"Nearly two thirds of all sources, 64 percent, were pro-war, while 71 percent of U.S. guests favored the war. Anti-war voices were 10 percent of all sources, but just 6 percent of non-Iraqi sources and 3 percent of U.S. sources. Thus viewers were more than six times as likely to see a pro-war source as one who was anti-war; with U.S. guests alone, the ratio increases to 25 to 1... While the percentage of Americans opposing the war was about 10 times higher in the real world as they were on the nightly news (27 percent versus 3 percent), their proportion of the guestlist may still overstate the degree to which they were able to present their views on U.S. television. Guests with anti-war viewpoints were almost universally allowed one-sentence soundbites taken from interviews conducted on the street. Not a single show in the study conducted a sit-down interview with a person identified as being against the war."
And Bozell? In such an environment, pickings were mighty slim for a right-wing "media critic" whose paycheck is dependent upon perpetuating the myth of a "liberal media." Two of the six columns he wrote in this period had nothing at all to do with Iraq. The day after the war began, he was off writing about alleged "Anti-Catholic 'entertainment'." Later, deep in the midst of war, he penned a rant against the Oscar Awards. Though the other four pieces reference Iraq, all were about minor, peripheral matters. One was a complaint that the press had failed to sufficiently smear then-Democratic Senate leader Tom Daschle for a remark critical of Bush; one was devoted to smearing journalist Peter Arnett; one attacked that noted newswoman Madonna for what may have been in a new video she declined to release to the public. Again, not joking. The last one though, was the keeper. An anti-war demonstration had just picketed CNN over its Iraq coverage. How is a right-wing "media critic" to explain such a thing to his credulous audience? About the protesters, Bozell writes:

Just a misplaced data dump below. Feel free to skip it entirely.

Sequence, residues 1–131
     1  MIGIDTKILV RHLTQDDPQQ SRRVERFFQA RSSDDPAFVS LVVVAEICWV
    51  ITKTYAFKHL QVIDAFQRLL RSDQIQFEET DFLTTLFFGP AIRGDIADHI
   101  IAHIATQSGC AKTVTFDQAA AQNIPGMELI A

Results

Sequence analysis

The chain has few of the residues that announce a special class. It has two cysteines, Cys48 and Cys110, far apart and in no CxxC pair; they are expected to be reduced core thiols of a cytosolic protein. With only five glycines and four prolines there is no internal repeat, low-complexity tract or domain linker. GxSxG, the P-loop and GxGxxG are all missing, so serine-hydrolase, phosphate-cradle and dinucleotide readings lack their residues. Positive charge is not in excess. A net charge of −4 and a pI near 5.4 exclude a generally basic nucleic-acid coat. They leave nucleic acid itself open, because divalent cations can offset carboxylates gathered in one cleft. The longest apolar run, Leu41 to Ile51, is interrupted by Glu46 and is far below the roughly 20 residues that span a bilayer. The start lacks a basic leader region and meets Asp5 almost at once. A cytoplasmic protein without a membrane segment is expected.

"First the Democrats wouldn't carry their anti-war water. Now the media won't do their job and undermine the war effort? So the Loudmouth Left is doing what it does best: moan and scream, this time outside cable news studios... The war is going well, too well, and the coverage apparently is too positive. So the Loudmouth Leftists are crowding the streets and demeaning CNN with Nazi epithets."
The best he does as he goes along is to suggest the protesters are radicals whose claim to a legitimate complaint in this matter is dubious. Re-read the FAIR numbers quoted above when evaluating Bozell's claim in this same column that the protesters' complaints about coverage boiled down to the lack of sufficient live gore and death on television.

Bozell is a fanatic who pretends to find "liberal bias" in everything. If Barack Obama was to step outside and say "the sky certainly is blue today," Bozell would find bias in any reporter who may have nodded his head in agreement. He could probably produce some "scholar" from the Heritage Foundation to dispute the notion then trash the rest of the press for failing to debunk Obama's "the sky is blue" lie. Reading through these Iraq columns though, you'll find angry ranting, pro-Bush nonsense, a plethora of lies and misrepresentations, an often obsessive focus on the utterly trivial. What you won't find is any contemporaneous support for Bozell's later assertion that Bush was being given a hard time by the press. And there's a reason for that.